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Mercedes Pair at Odds Over Hungarian GP Yellow Flags Issue

Mercedes team-mates Lewis Hamilton and Nico Rosberg were at odds with each other regarding yellow flag rules over the incident in qualifying which saw Hamilton back out of his lap because of a spin from McLaren’s Fernando Alonso and Nico Rosberg taking pole position.

In the race, Hamilton took the lead from Turn 1 and finished the race in 1st place with Rosberg making it a Mercedes 1-2.

A good day at the office for Mercedes then. A dominant performance in Free Practice and Qualifying, and other run away win in the race with Red Bull’s Daniel Ricciardo finishing 25-seconds from Rosberg in 3rd.

Hamilton, who was one point behind championship leader Rosberg before the Hungarian Grand Prix is now 6 points ahead in the point standings.

When asked in the post race press conference if he had influenced a stewards decision to investigate Rosberg for ignoring yellow flags, Hamilton said that the rules need to be clarified in that respect as this had set a new precedent going forward.

“Well the stewards needs to come up with some kind of solution because it is… the whole 23 years of racing, it has been ‘if it’s yellow flag, you slow down’ and if it’s double yellow flag, you be prepared to stop and Nico was doing the same speed at the apex as I was doing on the previous timed lap,” explained Hamilton.

“If there happened to be a car that was spun or a marshal on the track, it would have been pretty hard for him to have slowed down in that case, so that’s why… and the fact that he didn’t get penalised for it means that we need to be careful because the message we’re sending not only to the drivers here but also to the drivers in the lower categories is that it’s now possible for you to lose only one tenth of a second in a double waved yellow flag section which is the most dangerous – one of the most dangerous scenarios with the double yellow flags,” he continued.

“They need to clear that up because before it was two tenths that you were meant to lose with one yellow flag and half a second with two yellow flags. It wasn’t the case yesterday and there was no penalty, so going into the next race, we could be battling for pole position and we see double yellow flags and we know we only have to do a small lift and lose one tenth of a second and we’ll be fine and go purple in the sector.

“So that’s why it does need to be clarified and I’m sure Charlie and the stewards are going to do so because it needs to be clear.”

Sitting next to him, Rosberg waited for his turn and asked to reply before anyone else could get a word in.

Hungary 2016_Sunday Press Conference.“Thank you very much. Thank you for making that statement, so now I’m going to put my response,” he said as he extended an arm towards Hamilton to offer a pat on the back.

“What you have to do with a double yellow is significantly reduce your speed and make sure you go safe. I went twenty kilometres per hour slower into that corner, twenty kilometres per hour is a different world in an F1 car. Twenty kilometres per hour, you are going proper slow. It’s completely… everything is safe.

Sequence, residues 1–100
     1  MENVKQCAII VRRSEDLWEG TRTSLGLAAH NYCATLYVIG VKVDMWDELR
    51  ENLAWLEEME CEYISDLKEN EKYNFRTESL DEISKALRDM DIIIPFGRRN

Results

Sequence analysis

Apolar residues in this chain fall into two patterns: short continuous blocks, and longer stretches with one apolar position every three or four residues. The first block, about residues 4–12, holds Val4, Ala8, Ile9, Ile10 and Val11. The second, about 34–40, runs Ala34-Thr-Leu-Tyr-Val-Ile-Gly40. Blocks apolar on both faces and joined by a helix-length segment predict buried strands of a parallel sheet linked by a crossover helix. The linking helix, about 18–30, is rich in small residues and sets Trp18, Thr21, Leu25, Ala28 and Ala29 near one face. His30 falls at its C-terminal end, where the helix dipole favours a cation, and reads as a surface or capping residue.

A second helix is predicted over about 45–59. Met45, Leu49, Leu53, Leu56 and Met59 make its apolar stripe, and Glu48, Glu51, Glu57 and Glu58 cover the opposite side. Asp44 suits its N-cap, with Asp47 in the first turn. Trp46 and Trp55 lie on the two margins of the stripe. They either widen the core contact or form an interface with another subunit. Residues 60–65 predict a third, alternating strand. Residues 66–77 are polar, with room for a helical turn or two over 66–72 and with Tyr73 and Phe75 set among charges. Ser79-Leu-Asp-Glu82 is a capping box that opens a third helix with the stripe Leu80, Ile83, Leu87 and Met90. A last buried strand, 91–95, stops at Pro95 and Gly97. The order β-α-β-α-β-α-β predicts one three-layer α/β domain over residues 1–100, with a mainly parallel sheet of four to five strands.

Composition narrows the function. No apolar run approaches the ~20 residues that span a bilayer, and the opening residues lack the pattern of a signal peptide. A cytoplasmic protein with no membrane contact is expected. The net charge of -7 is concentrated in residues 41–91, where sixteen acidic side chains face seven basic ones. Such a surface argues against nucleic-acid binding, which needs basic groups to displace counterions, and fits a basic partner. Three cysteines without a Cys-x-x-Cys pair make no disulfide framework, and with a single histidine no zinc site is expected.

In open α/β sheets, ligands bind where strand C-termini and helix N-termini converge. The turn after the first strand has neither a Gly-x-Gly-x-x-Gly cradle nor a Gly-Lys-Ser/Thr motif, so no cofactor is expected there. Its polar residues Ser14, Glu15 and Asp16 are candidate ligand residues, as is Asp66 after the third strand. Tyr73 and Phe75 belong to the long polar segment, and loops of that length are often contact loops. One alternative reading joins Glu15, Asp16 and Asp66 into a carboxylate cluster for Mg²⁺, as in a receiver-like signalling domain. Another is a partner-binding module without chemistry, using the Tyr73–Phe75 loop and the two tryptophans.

“That’s how I did my speed and lifted off thirty meters before my braking point, so I was just rolling there, twenty kilometres per hour slower until I got to the apex. Then of course when you’re in the apex, I would have a much tighter line because I went in slow and then so I could accelerate out again.

“So definitely I significantly reduced my speed and that’s what it says you need to do and that’s why for the stewards that was completely acceptable. It was very very obvious what I did, very clear and of course on a drying track you’re going to get massively faster every lap,” he added as an explanation to setting a purple sector even though there were double waved yellows out.

“It’s not like the track was consistent. On a drying track, it’s irrelevant what the sector time was because you’re going to get so much quicker every time you go out there because there’s wet patches and when they dry, you just go so much quicker.

“And so in that segment, I was slower, where there was the yellow flag but of course in the big sector, yeah, I’m quicker because the track is getting quicker and I’m pushing in all the other corners.

“So it was a pretty clear case for the stewards and that’s why I didn’t get any penalty.”

Both Hamilton and Rosberg are not wrong in their viewpoints. The stewards ultimately decided not to penalize Rosberg as telemetry had showed that he had slowed down enough.

So what happens going forward? Hamilton’s point of this decision setting a precedent was echoed by Red Bull Team Principal, Christian Horner.

We need to see what the stewards will do the next time a driver sets a fastest sector through a yellow flag zone. The stewards base their decisions on the merits of each case, and with different stewards for each Grand Prix, there is almost no consistency in the decisions.

Another question arises from this whole situation. Why did Hamilton choose to take this public? In a typical situation this would be discussed at the team debrief after a session. Is Hamilton playing mind games?

About Ritesh K Bhana

Ritesh likes to think he is a true Tifosi, but he still remains fair to other teams. He supports two other teams which are not Red Bull and McLaren. Follow Ritesh on twitter @Humanshield_1

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